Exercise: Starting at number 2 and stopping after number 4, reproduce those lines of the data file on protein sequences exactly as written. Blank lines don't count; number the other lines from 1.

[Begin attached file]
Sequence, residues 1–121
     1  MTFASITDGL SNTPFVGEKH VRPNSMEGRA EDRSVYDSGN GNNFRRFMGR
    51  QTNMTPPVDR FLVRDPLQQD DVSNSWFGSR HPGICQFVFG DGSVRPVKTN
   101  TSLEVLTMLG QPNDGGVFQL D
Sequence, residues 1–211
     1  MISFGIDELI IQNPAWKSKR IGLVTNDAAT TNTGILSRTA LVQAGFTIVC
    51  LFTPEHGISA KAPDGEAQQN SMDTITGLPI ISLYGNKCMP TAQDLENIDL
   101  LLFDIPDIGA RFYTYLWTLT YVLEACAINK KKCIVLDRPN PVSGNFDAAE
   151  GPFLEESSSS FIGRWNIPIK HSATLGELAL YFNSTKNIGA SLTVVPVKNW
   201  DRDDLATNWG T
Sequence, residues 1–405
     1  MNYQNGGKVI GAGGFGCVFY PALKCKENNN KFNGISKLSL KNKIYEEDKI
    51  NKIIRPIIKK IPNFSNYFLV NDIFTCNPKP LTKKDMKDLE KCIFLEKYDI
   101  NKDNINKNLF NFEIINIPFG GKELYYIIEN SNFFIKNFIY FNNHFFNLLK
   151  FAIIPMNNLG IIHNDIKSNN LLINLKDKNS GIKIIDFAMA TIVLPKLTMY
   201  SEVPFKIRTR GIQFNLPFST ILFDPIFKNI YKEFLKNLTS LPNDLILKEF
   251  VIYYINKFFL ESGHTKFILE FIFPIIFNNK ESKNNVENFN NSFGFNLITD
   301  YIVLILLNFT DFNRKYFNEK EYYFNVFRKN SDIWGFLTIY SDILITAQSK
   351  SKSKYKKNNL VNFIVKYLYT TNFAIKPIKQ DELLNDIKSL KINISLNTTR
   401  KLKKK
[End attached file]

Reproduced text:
     1  MTFASITDGL SNTPFVGEKH VRPNSMEGRA EDRSVYDSGN GNNFRRFMGR
    51  QTNMTPPVDR FLVRDPLQQD DVSNSWFGSR HPGICQFVFG DGSVRPVKTN
   101  TSLEVLTMLG QPNDGGVFQL D